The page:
AbstractCDC’s National Health and Nutrition Examination Surveys (NHANES) is a continuous survey that aims to study the relationship between diet, nutrition, and health and their roles in designated population subgroups with selected diseases and risk factors. Data is acquired using questionnaires (either by human interviewers or computer-assisted), aimed at collecting data about participants’ households and families, medical conditions, substance usage, and more. NHANES data and supporting documentation, including data dictionaries (DDs) and codebooks (CBs), are made publicly available and are used in many data science efforts to support a wide range of health informatics projects. A typical use of NHANES data requires a complex human interpretation of the data with the help of the DDs and CBs. For example, to retrieve “diseases treated by a specific drug in households with annual income under $20,000”, one should select all the relevant variables (diseases, drugs, household income, participants) across the relevant datasets (demographic, drug usage) and perform a series of transformations (normalizing disease and income codes) to generate the answer for the query. During data processing, it is not uncommon for data to be misinterpreted as NHANES may use the same variable for multiple purposes (e.g. the same variable is used for diseases being treated and diseases being prevented by a drug and sometimes this distinction is critical to applications). Furthermore, the result of this processing may be incorrectly combined (e.g., harmonized with new data, from NHANES or other studies).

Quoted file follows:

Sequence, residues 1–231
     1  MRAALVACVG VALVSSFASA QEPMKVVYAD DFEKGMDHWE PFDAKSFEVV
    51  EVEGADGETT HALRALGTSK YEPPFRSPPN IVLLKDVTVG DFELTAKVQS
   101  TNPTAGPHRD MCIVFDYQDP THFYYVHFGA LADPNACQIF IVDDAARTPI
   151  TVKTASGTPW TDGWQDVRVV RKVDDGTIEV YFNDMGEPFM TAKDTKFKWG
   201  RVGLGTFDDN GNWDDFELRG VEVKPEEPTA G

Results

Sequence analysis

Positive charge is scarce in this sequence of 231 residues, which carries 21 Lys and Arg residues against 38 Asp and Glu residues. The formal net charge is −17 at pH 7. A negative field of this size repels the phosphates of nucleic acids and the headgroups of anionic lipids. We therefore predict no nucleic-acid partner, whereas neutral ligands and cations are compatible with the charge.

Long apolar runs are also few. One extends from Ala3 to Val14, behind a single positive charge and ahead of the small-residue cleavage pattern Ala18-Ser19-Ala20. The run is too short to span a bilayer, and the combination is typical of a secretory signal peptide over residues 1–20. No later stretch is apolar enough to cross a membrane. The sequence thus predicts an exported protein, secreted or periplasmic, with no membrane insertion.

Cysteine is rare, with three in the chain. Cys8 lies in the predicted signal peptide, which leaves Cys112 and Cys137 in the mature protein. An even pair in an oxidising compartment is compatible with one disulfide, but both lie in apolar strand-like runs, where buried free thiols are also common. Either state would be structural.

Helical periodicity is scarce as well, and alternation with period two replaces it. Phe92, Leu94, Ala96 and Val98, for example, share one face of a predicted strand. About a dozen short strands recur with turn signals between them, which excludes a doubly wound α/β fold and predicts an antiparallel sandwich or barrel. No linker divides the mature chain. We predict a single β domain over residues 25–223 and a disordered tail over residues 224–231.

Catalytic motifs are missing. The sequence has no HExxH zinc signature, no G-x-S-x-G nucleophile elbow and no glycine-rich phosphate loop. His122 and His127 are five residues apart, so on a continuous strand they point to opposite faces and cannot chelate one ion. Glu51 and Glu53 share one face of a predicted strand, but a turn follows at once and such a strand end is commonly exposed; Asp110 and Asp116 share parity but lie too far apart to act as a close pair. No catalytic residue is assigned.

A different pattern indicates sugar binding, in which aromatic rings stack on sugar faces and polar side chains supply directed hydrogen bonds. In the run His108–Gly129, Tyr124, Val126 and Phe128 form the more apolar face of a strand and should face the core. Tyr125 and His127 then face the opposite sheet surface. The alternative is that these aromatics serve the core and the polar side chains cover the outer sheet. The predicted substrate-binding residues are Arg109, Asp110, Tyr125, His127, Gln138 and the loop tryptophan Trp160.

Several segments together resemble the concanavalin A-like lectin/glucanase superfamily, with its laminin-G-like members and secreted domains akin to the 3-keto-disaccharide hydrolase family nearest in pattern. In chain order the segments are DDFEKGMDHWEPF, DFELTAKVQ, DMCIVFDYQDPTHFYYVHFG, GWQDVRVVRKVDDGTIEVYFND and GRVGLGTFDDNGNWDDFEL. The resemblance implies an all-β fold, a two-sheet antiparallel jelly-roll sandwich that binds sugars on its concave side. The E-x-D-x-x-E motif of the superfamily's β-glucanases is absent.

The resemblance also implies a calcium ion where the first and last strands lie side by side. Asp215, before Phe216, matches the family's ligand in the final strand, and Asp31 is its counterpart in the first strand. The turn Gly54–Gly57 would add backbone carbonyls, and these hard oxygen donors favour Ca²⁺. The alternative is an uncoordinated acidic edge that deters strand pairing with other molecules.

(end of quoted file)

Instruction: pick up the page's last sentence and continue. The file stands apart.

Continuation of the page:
We present our approach for translating NHANES’ datasets, metadata, and any additional documentation from the surveys into a rich knowledge graph (KG) that maintains semantic distinctions. We leverage the Human-Aware Data Acquisition Infrastructure (HADatAc)  and its underlying Human-Aware Science Ontology (HAScO) , to systematically represent the complete data acquisition process. Semantic Data Dictionaries (SDDs) , which are derived from DDs and CBs, support the elicitation of objects that are not directly represented within NHANES datasets (including household, the household reference person, drug usage for disease treatment, drug usage for disease prevention, etc.). We demonstrate1 how we use the KG to generate tailored datasets based on user choice of variables and alignment criteria across multiple NHANES datasets. Our use of SDDs enables the combined use of ontologies and data. We further demonstrate that once data is encoded into the KG, the KG can be used to support complex automated data harmonization that until now, when required in any kind of meta-analysis study based on NHANES, is still done manually.;